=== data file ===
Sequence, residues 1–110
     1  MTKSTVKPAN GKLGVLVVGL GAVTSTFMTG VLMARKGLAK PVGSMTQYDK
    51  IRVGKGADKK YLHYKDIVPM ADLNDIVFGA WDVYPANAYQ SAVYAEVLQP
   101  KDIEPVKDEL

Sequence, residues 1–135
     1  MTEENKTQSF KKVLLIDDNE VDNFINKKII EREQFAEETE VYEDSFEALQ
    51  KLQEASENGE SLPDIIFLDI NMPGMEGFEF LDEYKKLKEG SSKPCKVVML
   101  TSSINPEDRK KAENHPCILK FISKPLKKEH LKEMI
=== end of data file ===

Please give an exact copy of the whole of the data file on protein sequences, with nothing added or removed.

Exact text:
Sequence, residues 1–110
     1  MTKSTVKPAN GKLGVLVVGL GAVTSTFMTG VLMARKGLAK PVGSMTQYDK
    51  IRVGKGADKK YLHYKDIVPM ADLNDIVFGA WDVYPANAYQ SAVYAEVLQP
   101  KDIEPVKDEL

Sequence, residues 1–135
     1  MTEENKTQSF KKVLLIDDNE VDNFINKKII EREQFAEETE VYEDSFEALQ
    51  KLQEASENGE SLPDIIFLDI NMPGMEGFEF LDEYKKLKEG SSKPCKVVML
   101  TSSINPEDRK KAENHPCILK FISKPLKKEH LKEMI